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How Tiktok redefined entrepreneurship in 2020 by Mollie Parsons

Mollie Parsons explores how the controversial app Tiktok has pushed the boundaries of entrepreneurship, changing the game in 2020.


For those of you who avoided the lure of Tiktok during lockdown, I salute you. I will, however, fill you in

with how the social platform works. The algorithms use your engagement to provide you with relevant content to your interests. My page quickly filled with puppies, Ratatouille the Musical (Google it, you’re welcome) and… a sudden powerful emergence of small entrepreneurs, exploiting one of the few opportunities that the pandemic has given us.

The fallacy in the framework

In academia there is a very objective summary of the entrepreneurial characteristics;

1. Passionately seek new opportunities

2. Pursue opportunities with great discipline.

3. Pursue only very best opportunities.

4. Focus on the execution of ideas.

5. Engage with energies of everyone in their network.

(McGrath,R. and Macmillan I, 2000).

Yet, I would argue that until now there has been a misconception, a presumption, that an entrepreneur’s 5 characteristics are accompanied by an intense desire for power, money or more likely, both. Until now.

Amongst the chaos of 2020 there has risen a group of millennials and Gen Z youngsters that have used digital platforms to start or expand their entrepreneurial domains. I would like to clarify here, that although impressive in their own right, I am not referring to “Social Media Influencers” as such, but those who have exploited the reach of online platforms as an engaging marketing tool to promote their business. The people who have utilised Tiktok as a multi-purpose tool; to facilitate PR with brand collaborations, as an editing tool for marketing campaigns, and as a medium through which to communicate with their consumers. Following in the footsteps of prominent digital entrepreneurs such as Grace Beverly, owner of fitness brands TALA and Shreddy.

'the taste of autonomy'

This new breed still holds up against the academic ‘ticklist’; their creativity, innovation and passion still drive opportunistic decisions. Pride and enjoyment are engrained in the goods and services they offer and ultimately they are fuelled from the energy of their customers - fuelled by the energy of the people who interact with their content. But more than that, I believe a large number of them are fuelled by the taste of autonomy that they have felt in a time that has de-coupled the notion of economic success and ambition more than ever before. A world in which there is this aggressive hunger for money and power there is also a passion for autonomy, and the ability to work in a way that enables family time, daily walks and learning new hobbies. Ultimately, there is this new desire for a job that allows people to carry on with all the things they learnt to love in lockdown.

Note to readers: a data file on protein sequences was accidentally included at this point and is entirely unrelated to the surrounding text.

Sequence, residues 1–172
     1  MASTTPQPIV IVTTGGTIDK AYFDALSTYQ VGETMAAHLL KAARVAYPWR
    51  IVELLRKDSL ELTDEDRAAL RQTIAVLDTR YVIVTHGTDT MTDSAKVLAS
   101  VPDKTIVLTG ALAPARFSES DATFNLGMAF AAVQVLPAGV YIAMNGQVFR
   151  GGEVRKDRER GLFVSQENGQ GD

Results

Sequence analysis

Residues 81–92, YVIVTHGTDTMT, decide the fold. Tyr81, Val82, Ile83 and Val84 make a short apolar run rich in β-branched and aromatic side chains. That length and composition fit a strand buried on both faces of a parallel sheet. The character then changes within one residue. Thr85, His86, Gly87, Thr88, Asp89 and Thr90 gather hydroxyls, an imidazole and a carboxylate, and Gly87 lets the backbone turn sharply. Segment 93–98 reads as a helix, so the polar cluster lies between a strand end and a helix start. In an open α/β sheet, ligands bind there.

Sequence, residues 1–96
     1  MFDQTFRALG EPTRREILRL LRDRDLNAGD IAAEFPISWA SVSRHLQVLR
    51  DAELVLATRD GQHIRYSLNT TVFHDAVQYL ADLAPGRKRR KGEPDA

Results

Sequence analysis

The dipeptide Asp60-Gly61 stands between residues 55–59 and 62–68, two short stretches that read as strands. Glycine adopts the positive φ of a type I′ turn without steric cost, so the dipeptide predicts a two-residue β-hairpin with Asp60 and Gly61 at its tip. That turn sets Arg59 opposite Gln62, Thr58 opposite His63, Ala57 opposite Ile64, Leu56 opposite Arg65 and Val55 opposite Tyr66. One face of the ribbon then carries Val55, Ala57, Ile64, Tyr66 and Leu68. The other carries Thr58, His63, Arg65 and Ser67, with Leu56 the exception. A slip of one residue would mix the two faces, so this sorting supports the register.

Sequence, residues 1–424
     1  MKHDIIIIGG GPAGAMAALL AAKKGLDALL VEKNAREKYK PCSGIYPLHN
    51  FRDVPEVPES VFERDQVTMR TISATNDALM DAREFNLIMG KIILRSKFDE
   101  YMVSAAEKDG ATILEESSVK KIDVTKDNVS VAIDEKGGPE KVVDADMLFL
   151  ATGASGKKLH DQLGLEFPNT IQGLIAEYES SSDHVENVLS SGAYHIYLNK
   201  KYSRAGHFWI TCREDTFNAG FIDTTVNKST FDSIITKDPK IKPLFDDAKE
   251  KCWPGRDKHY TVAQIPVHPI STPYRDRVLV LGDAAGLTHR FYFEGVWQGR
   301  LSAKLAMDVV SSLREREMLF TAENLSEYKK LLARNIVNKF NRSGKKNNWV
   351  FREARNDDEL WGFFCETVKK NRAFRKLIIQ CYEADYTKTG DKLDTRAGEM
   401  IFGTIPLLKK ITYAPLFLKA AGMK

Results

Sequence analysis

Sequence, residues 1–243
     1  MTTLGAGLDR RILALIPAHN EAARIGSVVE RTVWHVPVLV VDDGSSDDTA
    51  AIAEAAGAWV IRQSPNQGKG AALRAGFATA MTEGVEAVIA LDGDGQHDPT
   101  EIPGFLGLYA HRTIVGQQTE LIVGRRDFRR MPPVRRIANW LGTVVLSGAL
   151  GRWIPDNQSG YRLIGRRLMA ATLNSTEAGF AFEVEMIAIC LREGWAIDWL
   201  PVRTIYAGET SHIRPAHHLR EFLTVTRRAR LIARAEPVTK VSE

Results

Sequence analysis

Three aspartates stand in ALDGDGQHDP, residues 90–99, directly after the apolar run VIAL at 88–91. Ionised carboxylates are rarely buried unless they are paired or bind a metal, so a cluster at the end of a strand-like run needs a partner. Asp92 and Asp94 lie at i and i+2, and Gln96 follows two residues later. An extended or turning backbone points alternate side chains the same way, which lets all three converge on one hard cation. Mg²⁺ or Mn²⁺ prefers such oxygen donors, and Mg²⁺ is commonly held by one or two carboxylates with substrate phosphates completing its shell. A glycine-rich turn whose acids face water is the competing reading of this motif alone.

Now, some would argue that this new era of digital entrepreneurs is inferior. They are incapable of spotting a good opportunity because they’re too busy mindlessly scrolling through social media. I would argue that anyone who exploits a platform with the reach that TikTok can provide, is perfectly capable of cashing-in on the very best of opportunities. They are investing their time into a platform that is used daily by 15% of the US population, that has been downloaded more than 2 billion times, and that has 7.2 billion views of #entrepreneur content (Wall Street Journal, 2020). If you’re still not convinced, watch the video below to witness how a small company, Jemuzi Jewellery, exploded with orders after they shot to fame with one hit video that received over 7 million views.

In essence, whilst outsider opinions may hold some truth there is no reason to demean the platform that has become a playground for diverse, young entrepreneurs.


The entrepreneurial mindset : strategies for continuously creating opportunity in an age of uncertainty / Rita Gunther McGrath, Ian MacMillan (2000)


Mollie Parsons

I think the only way I can really describe Mollie, and do her justice, is by calling her an enigma in the most chaotic, high energy sense of the term. I met Mollie in first year but it feels like a lot longer and in many ways I can't imagine my life pre-mollie, without her amazing baking, tolerance for alcohol and the ability to cry at almost any film. (Warning Mol, you won't like the next bit)

But she's also an enigma because of this amazing balance in fun and sensibility. Her commitment, her attitude to life and her ability to really give someone perspective. All things that I thought I was pretty good at until I met Mollie. That conversation in the living room at St. David's was the slap around the face I needed Mol and I still appreciate that deeply. Thank you.

Not only a smart cookie, Mollie as I mentioned is an amazing baker and you can drool over her amazing bakes here: @mols_bakes and she's currently completing a (not so) year abroad as pat of her Economics and Geography degree at the University of Exeter.


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